Some memorable quotes from one of psychology's most brilliant curmudgeons and one of my idols:
"I would have liked having children to some degree, but frankly I haven't got the time to take the kids to the goddamn ballgame."
"Self-esteem is the greatest sickness known to man or woman because it's conditional."
"The art of love is largely the art of persistence."
"The best years of your life are the ones in which you decide your problems are your own. You do not blame them on your mother, the ecology, or the president. You realize that you control your own destiny."
"There are three musts that hold us back: I must do well. You must treat me well. And the world must be easy."
"There's no evidence whatsoever that men are more rational than women. Both sexes seem to be equally irrational."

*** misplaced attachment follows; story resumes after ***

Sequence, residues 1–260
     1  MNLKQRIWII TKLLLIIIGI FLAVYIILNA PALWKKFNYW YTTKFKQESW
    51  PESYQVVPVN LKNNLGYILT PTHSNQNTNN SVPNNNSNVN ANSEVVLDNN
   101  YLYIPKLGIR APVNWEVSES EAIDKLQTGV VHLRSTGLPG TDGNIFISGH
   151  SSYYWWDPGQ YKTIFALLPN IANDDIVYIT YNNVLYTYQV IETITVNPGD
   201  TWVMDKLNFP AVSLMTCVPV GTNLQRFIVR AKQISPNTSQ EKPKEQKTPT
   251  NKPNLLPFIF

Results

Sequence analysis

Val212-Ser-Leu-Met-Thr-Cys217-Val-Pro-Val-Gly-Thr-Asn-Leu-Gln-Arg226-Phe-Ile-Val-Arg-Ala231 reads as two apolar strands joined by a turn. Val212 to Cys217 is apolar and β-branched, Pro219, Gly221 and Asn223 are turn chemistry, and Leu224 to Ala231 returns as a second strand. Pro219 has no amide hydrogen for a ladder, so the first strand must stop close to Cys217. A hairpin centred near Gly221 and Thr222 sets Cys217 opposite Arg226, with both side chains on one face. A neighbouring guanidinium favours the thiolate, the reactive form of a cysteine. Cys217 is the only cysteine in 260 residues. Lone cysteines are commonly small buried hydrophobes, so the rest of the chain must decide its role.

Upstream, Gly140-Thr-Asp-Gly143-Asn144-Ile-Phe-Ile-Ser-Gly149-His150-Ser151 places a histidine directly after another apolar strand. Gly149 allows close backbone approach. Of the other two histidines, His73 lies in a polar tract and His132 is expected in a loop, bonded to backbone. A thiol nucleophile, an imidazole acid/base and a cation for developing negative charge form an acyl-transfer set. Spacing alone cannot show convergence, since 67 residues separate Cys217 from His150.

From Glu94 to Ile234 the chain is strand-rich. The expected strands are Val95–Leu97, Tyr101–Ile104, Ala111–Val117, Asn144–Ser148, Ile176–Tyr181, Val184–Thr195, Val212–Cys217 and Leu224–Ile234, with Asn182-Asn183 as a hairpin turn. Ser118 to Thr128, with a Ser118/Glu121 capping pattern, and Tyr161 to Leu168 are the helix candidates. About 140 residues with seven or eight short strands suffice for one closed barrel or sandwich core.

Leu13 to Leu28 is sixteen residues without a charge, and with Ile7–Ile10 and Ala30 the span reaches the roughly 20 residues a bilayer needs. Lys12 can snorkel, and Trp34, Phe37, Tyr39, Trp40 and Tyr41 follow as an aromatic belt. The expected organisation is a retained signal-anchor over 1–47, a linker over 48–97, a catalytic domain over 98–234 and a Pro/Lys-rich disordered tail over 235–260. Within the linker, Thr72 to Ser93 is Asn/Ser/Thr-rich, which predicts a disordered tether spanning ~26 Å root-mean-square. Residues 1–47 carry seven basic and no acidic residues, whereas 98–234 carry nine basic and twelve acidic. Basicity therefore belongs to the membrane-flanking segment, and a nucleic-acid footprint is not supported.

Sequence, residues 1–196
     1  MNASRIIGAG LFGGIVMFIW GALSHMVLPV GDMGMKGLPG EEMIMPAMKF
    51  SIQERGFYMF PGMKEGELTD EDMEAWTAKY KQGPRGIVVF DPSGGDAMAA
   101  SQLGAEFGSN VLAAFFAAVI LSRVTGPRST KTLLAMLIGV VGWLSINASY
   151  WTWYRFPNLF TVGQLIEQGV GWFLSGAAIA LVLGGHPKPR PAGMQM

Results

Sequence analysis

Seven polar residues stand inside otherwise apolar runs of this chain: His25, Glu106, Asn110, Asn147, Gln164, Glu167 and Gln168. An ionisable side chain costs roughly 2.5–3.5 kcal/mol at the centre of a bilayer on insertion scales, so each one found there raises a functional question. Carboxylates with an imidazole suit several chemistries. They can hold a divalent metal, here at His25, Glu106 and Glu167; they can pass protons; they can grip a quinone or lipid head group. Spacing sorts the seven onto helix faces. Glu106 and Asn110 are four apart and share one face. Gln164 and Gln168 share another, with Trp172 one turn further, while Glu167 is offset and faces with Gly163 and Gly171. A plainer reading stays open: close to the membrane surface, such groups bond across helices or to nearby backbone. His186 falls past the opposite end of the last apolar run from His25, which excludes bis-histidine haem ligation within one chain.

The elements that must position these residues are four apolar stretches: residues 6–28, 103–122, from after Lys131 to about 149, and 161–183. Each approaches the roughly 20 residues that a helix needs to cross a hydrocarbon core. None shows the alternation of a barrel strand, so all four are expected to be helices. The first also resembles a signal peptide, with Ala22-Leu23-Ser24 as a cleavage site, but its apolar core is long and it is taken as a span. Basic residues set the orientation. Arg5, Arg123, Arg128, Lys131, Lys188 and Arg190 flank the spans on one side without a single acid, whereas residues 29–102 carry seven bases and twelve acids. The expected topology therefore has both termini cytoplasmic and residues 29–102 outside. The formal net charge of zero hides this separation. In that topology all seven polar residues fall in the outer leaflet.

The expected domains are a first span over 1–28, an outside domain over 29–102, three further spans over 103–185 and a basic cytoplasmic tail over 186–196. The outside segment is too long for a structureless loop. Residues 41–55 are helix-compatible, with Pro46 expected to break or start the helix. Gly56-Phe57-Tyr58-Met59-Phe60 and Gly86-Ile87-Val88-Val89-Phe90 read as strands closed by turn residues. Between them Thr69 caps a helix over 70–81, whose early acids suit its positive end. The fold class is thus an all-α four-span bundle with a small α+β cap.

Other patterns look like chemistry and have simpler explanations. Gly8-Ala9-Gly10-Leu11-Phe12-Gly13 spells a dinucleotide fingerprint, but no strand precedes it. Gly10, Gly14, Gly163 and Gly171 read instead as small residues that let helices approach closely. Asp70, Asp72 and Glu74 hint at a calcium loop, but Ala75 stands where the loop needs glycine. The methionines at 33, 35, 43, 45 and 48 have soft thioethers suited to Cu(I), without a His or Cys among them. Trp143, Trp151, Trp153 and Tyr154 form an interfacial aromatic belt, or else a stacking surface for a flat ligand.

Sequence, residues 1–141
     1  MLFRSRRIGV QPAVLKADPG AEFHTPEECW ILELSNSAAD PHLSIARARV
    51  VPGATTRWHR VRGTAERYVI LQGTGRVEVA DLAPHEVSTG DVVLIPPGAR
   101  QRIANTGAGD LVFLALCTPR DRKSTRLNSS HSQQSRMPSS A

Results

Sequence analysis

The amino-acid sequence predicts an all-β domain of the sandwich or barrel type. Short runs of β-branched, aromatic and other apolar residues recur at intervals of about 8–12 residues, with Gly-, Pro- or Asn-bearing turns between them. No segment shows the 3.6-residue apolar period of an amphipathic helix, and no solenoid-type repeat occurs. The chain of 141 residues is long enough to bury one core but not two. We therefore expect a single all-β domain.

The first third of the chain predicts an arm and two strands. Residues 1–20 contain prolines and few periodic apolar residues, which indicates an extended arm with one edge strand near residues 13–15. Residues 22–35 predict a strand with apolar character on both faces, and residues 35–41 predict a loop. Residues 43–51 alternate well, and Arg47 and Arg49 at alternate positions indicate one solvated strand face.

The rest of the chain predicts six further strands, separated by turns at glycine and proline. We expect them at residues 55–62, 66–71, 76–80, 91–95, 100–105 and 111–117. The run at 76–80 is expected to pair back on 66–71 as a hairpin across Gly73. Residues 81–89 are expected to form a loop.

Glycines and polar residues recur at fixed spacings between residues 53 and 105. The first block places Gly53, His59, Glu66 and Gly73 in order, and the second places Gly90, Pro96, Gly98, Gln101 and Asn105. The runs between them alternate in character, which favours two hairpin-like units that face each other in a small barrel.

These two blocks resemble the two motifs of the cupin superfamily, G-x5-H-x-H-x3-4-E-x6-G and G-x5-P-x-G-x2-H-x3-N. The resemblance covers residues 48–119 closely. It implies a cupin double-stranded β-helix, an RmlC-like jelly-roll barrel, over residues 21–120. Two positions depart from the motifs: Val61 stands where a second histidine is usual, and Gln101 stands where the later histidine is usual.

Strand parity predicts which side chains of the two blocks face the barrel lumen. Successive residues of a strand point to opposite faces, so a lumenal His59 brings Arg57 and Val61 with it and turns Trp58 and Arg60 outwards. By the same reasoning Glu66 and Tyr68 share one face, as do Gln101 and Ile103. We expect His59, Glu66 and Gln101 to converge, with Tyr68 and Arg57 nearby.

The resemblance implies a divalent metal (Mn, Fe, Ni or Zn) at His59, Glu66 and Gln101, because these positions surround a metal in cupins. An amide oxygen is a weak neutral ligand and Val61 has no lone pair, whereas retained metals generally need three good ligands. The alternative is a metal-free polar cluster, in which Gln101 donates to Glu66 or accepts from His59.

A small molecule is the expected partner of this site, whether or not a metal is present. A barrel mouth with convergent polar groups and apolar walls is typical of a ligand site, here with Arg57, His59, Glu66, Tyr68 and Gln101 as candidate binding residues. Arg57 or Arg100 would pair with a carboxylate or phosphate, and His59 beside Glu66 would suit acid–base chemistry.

"We teach people to be flexible, scientific and logical in their thinking and therefore to be less prone to brainwashing by the therapist."
When I discovered Albert Ellis while getting my M.S.W. at Michigan in 1980, it suddenly seemed possible to make sense of human travails -- my own and those of my clients. And he delivered his pungent advice with a puncturing and cleansing humor that was a great relief to me when surrounded by people at Michigan who seemed humorless, elitist and arrogant. A rascal and big-mouth, Ellis founded the school of cognitive behavioral therapy (actually, he called his branch of it "rational emotive behavior therapy") and wrote 78 books. I read the one above from cover to cover and used it daily with clients in my brief three years as a counselor. I applied it to my own tempestuous life as well, and I think it helped. And I daresay I use it today in my teaching.
He is one of my intellectual grandpas, and I'm very grateful for his breathtakingly sensible work.
Below is a photo of Ellis, right, with one of my other heroes, Aaron Beck.